Pot Smoking Gets a Huge Airing in Annapolis

ANNAPOLIS (WJZ)– Battle lines are drawn over the proposal to regulate and tax the drug as a revenue source for the state.

Political reporter Pat Warren reports on what the plan would do.

In addition to bringing in money it would settle a lot of concerns about how marijuana laws are applied and bypass the problems the state is having getting medical marijuana to patients.

“The problem has always been that cannabis never really belonged being illegal,” Barry Considine says.

Since 2011, Considine has been coming to Annapolis to change marijuana laws and buying the drug illegally for his multiple sclerosis.

“Can I legally do it, no. Would I want to be able to do it legally? Absolutely,” he says.

Under the plan the State would collect $30 an ounce excise tax from the cultivators and a 9 percent sales tax from buyers.

Half of the revenue is earmarked for schools, 25 percent for treatment and the rest for workforce development, and public education.

Adults 21 and older could lawfully possess up to an ounce and grow up to six plants. Prior convictions for possession of those amounts would be expunged.

There’s concern for lives ruined by arrests for simple possession.

“And the sooner we get this bill passed the sooner we can put a stop to that and allow these otherwise law abiding citizens to continue to be productive,” says Kate Bell of the Marijuana Policy Project.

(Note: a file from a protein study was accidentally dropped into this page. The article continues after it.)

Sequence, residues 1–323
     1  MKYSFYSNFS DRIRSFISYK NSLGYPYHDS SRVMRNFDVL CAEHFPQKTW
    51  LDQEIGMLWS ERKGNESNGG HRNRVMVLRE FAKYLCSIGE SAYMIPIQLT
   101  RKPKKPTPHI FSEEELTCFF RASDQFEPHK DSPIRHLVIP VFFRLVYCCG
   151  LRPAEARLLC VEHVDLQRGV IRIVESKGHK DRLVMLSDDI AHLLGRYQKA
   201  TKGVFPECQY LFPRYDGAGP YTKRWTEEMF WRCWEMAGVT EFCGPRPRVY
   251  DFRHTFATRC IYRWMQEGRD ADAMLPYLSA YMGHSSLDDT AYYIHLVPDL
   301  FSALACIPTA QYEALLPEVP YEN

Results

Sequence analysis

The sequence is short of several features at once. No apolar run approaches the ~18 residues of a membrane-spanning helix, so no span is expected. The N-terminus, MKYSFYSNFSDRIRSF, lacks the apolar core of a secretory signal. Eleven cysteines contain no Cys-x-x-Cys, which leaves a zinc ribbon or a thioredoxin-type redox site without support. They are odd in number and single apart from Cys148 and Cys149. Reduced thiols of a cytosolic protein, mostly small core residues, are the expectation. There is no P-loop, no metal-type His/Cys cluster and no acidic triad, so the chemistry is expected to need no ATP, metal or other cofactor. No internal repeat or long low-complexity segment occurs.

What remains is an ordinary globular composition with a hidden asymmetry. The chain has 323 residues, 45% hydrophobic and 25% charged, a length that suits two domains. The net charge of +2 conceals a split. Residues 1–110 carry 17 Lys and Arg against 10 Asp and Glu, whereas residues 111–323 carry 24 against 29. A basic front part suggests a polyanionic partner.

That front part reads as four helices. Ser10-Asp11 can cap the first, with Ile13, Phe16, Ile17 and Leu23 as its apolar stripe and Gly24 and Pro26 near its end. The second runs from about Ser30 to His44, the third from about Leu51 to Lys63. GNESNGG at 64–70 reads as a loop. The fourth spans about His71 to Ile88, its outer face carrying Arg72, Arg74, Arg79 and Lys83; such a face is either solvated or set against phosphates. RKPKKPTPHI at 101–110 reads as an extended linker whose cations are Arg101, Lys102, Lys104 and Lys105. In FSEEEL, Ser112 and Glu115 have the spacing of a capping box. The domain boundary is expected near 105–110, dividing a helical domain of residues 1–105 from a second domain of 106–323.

And concern for public safety, including drug impaired drivers.

“AAA is obviously concerned before maryland or any other states considers legalizing recreational marijuana we should step back, take a pause and look at what is happening in other states,” says Ragina Averella of AAA Mid-Atlantic.

In 2014, possession of small amounts of marijuana was changed from a criminal to a civil offense. There’s a feeling now as as there was then, that things are changing.

Meanwhile another major issue is the way the medical marijuana licenses were issued. There are several bills about that. Baltimore County Senator James Brochin called it a big mess.

The hearing was expected to continue late into the evening.

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